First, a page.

Although the House chose not to vote on the SB 9 override during this particular session, they did successfully vote to override another piece of vetoed legislation. Senate Bill 727 had been awaiting House action since the Senate overrode the veto last summer. With the House's override vote, the bill, which prohibits the state from collecting membership dues via payroll deduction from public school employees, now becomes law notwithstanding the objection of the governor.
Legislative leaders plan to reconvene for the "short session" on May 16, where the bulk of attention will be on balancing the budget prior to the beginning of the 2011-2012 fiscal year on July 1. There are plans to briefly reconvene in February and April in the event that legislative action may be necessary on a limited number of matters.
With over 100 meetings of various legislative committees, subcommittees and study commissions scheduled prior to the beginning of the short session (see legislative calendar here), the General Assembly plans to complete most of the work on the budget and other short session legislation in the interim. Legislative leaders have indicated their intention complete the session and adjourn sine die for the biennium before the beginning of the next fiscal year on July 1, 2012.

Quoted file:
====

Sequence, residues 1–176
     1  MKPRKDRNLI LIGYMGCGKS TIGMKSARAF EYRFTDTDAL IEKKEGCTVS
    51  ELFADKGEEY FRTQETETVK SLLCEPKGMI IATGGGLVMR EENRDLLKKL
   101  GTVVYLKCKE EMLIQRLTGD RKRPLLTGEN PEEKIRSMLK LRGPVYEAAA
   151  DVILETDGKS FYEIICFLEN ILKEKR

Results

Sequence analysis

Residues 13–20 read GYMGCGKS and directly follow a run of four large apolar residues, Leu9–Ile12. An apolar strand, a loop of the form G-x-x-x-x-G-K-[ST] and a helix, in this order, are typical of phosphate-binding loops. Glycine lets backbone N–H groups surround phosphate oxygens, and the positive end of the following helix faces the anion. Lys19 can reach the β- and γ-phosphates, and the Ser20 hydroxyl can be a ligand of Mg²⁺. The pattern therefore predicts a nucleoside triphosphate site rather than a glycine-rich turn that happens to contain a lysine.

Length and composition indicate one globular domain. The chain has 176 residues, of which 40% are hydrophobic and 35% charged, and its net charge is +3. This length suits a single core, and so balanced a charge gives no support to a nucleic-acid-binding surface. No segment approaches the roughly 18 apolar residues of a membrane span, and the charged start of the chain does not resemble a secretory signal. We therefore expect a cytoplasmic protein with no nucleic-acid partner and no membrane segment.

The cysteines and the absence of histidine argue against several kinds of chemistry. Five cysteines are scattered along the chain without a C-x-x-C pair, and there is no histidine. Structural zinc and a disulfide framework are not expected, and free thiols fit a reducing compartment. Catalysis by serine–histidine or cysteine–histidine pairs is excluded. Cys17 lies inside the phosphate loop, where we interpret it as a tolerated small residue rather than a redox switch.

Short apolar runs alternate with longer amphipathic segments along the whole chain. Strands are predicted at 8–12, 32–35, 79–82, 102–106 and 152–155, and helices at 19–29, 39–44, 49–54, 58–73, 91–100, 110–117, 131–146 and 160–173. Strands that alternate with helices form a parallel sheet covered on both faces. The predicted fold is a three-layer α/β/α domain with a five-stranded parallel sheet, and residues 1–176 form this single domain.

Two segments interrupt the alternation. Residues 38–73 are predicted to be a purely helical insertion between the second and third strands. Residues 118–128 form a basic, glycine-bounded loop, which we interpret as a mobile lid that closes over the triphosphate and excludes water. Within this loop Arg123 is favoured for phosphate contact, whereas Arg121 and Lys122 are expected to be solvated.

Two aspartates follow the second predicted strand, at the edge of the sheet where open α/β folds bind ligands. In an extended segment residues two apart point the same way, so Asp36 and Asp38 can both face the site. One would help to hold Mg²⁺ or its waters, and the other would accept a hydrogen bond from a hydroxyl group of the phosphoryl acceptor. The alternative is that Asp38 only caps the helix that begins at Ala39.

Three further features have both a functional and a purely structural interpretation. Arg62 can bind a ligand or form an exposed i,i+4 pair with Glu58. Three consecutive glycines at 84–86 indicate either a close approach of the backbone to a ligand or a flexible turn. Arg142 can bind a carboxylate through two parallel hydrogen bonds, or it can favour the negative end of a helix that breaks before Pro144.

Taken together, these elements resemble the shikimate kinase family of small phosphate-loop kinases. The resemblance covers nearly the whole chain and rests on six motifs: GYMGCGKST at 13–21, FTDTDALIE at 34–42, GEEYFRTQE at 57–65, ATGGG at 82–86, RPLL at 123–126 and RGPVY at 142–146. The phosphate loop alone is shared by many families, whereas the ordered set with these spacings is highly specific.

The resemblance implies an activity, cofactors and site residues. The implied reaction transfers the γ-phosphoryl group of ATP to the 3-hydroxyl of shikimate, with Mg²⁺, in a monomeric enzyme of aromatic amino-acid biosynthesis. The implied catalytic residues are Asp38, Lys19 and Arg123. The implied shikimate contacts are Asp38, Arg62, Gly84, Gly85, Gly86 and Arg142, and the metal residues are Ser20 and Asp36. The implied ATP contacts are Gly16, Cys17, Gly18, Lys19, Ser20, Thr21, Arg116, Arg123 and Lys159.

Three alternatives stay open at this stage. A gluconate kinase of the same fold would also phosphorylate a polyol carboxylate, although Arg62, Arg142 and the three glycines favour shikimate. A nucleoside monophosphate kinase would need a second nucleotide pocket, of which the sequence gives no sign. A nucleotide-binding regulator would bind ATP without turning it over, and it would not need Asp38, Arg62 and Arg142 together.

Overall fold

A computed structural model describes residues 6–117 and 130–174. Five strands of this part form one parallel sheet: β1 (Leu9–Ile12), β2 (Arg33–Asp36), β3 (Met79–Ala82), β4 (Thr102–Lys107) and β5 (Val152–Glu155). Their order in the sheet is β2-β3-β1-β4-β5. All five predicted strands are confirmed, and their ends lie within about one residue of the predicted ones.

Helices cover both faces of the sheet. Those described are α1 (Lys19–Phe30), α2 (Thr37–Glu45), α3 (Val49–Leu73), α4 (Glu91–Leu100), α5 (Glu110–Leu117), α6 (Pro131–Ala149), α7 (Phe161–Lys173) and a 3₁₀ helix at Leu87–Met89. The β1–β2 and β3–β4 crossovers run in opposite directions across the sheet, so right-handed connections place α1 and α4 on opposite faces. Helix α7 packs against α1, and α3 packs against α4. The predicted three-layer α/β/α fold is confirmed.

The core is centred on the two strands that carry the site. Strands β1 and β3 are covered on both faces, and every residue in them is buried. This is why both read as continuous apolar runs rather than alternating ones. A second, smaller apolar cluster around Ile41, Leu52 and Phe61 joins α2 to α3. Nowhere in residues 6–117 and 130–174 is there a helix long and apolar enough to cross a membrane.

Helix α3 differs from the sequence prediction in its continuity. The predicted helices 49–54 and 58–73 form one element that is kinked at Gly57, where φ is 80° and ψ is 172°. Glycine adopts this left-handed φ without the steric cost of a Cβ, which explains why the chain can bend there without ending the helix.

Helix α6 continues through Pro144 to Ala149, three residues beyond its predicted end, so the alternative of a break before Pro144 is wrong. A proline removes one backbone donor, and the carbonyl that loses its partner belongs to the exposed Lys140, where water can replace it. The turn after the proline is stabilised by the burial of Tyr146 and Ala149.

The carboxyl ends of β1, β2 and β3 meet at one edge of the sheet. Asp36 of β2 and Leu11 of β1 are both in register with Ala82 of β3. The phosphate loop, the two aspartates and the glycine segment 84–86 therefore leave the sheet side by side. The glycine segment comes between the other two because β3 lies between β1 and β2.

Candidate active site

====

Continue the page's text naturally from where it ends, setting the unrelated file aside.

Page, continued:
Several committees have already met in 2012 and discussed substantive matters of note summarized below:
The latest NC revenue data released mid-January show higher-than-expected tax collections. Through the first half of the 2011-12 fiscal year, the state collected approximately $150 million more in revenue than was expected, according to the Office of State Budget and Management. While positive news, appropriators should proceed with cautious optimism, according to the Fiscal Research Division. Many volatile revenue sources including April payments from corporations, s-corps and LLCs, have a history of producing large swings in collections.
Several legislative and public bodies received updates on the Medicaid budget in January from NC Department of Health and Human Services Secretary Lanier Cansler* and other DHHS staff. The Department projects their actual reductions will not meet the numbers set forth in the legislatively approved budget for FY 2011-12 and FY 2012-13 for a variety of reasons. The total shortfall for FY 11-12 is about $149 million (this has increased by about $9 million since December 2011 because of a recent judicial decision regarding personal care services, explained here). DHHS is projecting a $242 million cash shortfall in 2012-13.